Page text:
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- Marching Men - 1/36 -


MARCHING MEN

BY

SHERWOOD ANDERSON Author of "Windy Mcpherson's Son"

MCMXVII

TO AMERICAN WORKINGMEN

BOOK I

CHAPTER I

Uncle Charlie Wheeler stamped on the steps before Nance McGregor's bake-shop on the Main Street of the town of Coal Creek Pennsylvania and then went quickly inside. Something pleased him and as he stood before the counter in the shop he laughed and whistled softly. With a wink at the Reverend Minot Weeks who stood by the door leading to the street, he tapped with his knuckles on the showcase.

"It has," he said, waving attention to the boy, who was making a mess of the effort to arrange Uncle Charlie's loaf into a neat package, "a pretty name. They call it Norman--Norman McGregor." Uncle Charlie laughed heartily and again stamped upon the floor. Putting his finger to his forehead to suggest deep thought, he turned to the minister. "I am going to change all that," he said.

"Norman indeed! I shall give him a name that will stick! Norman! Too soft, too soft and delicate for Coal Creek, eh? It shall be rechristened. You and I will be Adam and Eve in the garden naming things. We will call it Beaut--Our Beautiful One--Beaut McGregor."

The Reverend Minot Weeks also laughed. He thrust four ringers of each hand into the pockets of his trousers, letting the extended thumbs lie along the swelling waist line. From the front the thumbs looked like two tiny boats on the horizon of a troubled sea. They bobbed and jumped about on the rolling shaking paunch, appearing and disappearing as laughter shook him. The Reverend Minot Weeks went out at the door ahead of Uncle Charlie, still laughing. One fancied that he would go along the street from store to store telling the tale of the christening and laughing again. The tall boy could imagine the details of the story.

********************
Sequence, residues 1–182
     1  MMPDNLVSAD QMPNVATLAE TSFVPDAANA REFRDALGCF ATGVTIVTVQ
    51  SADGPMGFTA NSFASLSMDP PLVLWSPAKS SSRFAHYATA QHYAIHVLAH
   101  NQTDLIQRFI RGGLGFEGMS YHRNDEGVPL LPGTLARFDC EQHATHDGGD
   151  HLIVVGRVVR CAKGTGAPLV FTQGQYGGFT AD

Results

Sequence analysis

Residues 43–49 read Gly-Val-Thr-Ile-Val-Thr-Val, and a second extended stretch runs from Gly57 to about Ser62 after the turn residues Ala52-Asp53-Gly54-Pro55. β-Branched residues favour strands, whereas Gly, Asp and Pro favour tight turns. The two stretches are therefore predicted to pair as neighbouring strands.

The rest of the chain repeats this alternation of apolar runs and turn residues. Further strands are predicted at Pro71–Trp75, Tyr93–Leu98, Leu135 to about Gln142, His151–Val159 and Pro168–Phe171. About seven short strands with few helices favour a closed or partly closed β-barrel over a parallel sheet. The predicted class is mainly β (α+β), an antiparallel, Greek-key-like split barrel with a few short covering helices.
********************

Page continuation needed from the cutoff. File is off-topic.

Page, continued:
It was an ill day for births in Coal Creek, even for the birth of one of Uncle Charlie's inspirations. Snow lay piled along the sidewalks and in the gutters of Main Street--black snow, sordid with the gathered grime of human endeavour that went on day and night in the bowels of the hills. Through the soiled snow walked miners, stumbling along silently and with blackened faces. In their bare hands they carried dinner pails.

The McGregor boy, tall and awkward, and with a towering nose, great hippopotamus-like mouth and fiery red hair, followed Uncle Charlie, Republican politician, postmaster and village wit to the door and looked after him as with the loaf of bread under his arm he hurried along the street. Behind the politician went the minister still enjoying the scene in the bakery. He was preening himself on his nearness to life in the mining town. "Did not Christ himself laugh, eat and drink with publicans and sinners?" he thought, as he waddled through the snow. The eyes of the McGregor boy, as they followed the two departing figures, and later, as he stood in the door of the bake- shop watching the struggling miners, glistened, with hatred. It was the quality of intense hatred for his fellows in the black hole between the Pennsylvania hills that marked the boy and made him stand forth among his fellows.